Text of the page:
“You didn’t happen to drill a little hole in the dentist today, did you?”
Acclaimed Irish playwright Martin McDonagh first made his transition into film with the Academy Award-winning short Six Shooter, starring Brendan Gleeson, who he then recruited for his feature-length debut In Bruges, one of the finest dark comedies of the past few decades. McDonagh’s knack for razor-sharp, witty dialogue and unpredictably hilarious plots featuring some of the most memorable characters in modern cinema is thrilling to witness. For his second film, Seven Psychopaths, and his second collaboration with Colin Farrell and Željko Ivanek, McDonagh pushes the absurdity to even more joyously entertaining heights with his L.A-set black comedy which was reminiscent of Quentin Tarantino’s and Shane Black’s gritty self-aware style featuring an attention-grabbing performance from the incredibly underrated Sam Rockwell who re-teams with McDonagh for his latest film, the fantastic Three Billboards Outside Ebbing, Missouri and this may be McDonagh’s best, most focused film yet with some of the most impressive performances, screenwriting and cinematography on display this year.
Three Billboards follows Mildred Hayes (Frances McDormand), a no-nonsense, anti-establishment, bandana-wearing mother with a wickedly dark sense of humour who is grieving the rape and murder of her daughter Angela. When we begin the story, seven months have passed since Angela’s tragic demise and no worthwhile progress has been made with the case. Naturally, Mildred is pissed off and out of patience which leads to her paying for three neglected billboards to be erected, all which question beloved Police Chief Willoughby’s (Woody Harrelson) commitment to finding her daughter’s killer despite him sympathetically suffering from terminal pancreatic cancer. “It seems to me the police department is too busy torturing black folk to solve actual crimes.” Mildred declares bluntly in a TV interview which amusing overachieves in shaking the status quo up in her sleepy little town where the majority of the townspeople are uninterested or hesitant to show support for Mildred. Willoughby questions Mildred on whether the billboards are fair and states that her daughter’s case has just been unfortunately lacking in any leads which does nothing to steer her from her path of righteous vengeance. Despite the billboards, McDonagh makes a point to not display Mildred and Willoughby as sworn enemies but simply two stubborn people at odds with each other. Under Willoughby’s command is incompetent racist officer Dixon (Sam Rockwell) whose character has a brilliantly unpredictable arc of surprising depth and Rockwell gives one of his best performances yet (adding another great scene to the Sam Rockwell dancing compilation)
The entire cast is impeccable here but it is truly McDormand who shines brightest here. The Oscar winner adds a devilish punch to McDonagh’s meaty script and in-between her ferocious counterinsurgency and sardonic denouncement of the police and the people of Ebbing, McDormand shows the humanity and deep sadness in Mildred’s eyes and expressions without even saying a word. This is one of the most powerful female performances in recent years and surely a frontrunner for Best Actress at the upcoming Oscars. Young Lucas Hedges continues to impress playing Robbie, Mildred’s son who ends up getting harassed for his mother’s actions and the excellent John Hawkes appears as Robbie and Angela’s father and Mildred’s abusive ex-husband Charlie who isn’t too keen on those billboards being put up, especially with his own money and lays the blame of Angela’s death on Mildred. Caleb Landry Jones also adds another excellent film to his filmography appearing as Red Welby, the man who hesitantly rents the billboards to Mildred, something that doesn’t sit too well with the temperamental officer Dixon. McDonagh has many colourful characters to work with here and gleefully throws them together in several hilarious and provocative scenarios. Despite the bleak story, this is an incredibly funny film with some of the best heated exchanges I’ve seen in a movie in recent memory.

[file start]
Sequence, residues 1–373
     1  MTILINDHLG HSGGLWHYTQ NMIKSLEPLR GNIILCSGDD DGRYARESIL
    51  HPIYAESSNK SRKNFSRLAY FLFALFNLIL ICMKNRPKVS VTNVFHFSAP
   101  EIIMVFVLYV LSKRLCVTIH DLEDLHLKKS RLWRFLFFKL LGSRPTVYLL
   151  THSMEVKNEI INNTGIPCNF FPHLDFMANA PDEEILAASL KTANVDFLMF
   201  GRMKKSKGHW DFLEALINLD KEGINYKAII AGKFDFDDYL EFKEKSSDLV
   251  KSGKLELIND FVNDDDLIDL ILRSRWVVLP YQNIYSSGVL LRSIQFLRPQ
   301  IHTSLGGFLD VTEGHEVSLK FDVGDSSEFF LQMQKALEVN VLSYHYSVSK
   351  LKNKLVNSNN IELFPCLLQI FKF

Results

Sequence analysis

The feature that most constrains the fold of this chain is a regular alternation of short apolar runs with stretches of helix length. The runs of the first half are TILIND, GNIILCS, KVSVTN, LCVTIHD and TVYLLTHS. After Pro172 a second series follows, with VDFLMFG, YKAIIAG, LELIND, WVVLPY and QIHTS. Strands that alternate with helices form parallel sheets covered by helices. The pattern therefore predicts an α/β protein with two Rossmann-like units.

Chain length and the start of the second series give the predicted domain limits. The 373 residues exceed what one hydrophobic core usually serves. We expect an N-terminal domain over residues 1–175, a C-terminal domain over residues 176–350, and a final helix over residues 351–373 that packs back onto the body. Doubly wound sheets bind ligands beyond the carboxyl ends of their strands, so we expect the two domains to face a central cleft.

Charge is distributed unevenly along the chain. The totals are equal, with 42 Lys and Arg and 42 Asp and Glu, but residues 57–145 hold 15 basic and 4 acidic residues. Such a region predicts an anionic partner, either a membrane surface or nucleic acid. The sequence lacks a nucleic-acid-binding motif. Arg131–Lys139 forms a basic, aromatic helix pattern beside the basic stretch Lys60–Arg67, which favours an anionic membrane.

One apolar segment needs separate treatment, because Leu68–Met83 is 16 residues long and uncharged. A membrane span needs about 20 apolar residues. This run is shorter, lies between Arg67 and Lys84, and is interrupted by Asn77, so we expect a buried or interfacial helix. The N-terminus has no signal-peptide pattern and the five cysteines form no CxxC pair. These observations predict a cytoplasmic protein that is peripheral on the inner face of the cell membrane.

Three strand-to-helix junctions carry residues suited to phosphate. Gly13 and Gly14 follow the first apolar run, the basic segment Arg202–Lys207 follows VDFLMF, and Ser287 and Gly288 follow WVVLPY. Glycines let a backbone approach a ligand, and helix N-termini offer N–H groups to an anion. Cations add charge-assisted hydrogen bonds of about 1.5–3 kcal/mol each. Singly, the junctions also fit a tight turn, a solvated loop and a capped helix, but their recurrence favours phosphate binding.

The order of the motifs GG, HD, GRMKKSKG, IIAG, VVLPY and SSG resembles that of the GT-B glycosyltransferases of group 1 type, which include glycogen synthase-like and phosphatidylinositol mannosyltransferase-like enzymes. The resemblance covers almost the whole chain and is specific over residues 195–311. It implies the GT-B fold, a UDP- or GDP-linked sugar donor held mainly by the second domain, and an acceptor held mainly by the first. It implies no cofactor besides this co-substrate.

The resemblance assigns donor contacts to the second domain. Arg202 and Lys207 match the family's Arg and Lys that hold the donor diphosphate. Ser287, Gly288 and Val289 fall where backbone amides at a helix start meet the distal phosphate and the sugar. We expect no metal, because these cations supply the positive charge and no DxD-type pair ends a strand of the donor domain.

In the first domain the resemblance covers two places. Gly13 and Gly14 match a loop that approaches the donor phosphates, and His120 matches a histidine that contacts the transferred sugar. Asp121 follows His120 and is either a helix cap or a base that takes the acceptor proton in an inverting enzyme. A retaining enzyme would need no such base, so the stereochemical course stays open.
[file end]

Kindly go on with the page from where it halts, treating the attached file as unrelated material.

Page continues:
Superbly well-crafted and meticulously written, this is a beautiful movie full of an acidic wit and gorgeous cinematography that’s not without a whole lot of heart and humanity The theme of Three Billboards is anger, even in the face of possibly a greater path only accessible through forgiveness. A mother’s unrestrained search for justice exposes the flaws of small-town America and makes us laugh while doing so. Anyone who appreciates an excellent script with truly brilliant characters and an affinity for darker humour definitely needs to check this one out. A master of the stage, now McDonagh can firmly claim he’s pretty damn good at movies now too.
So until next time…
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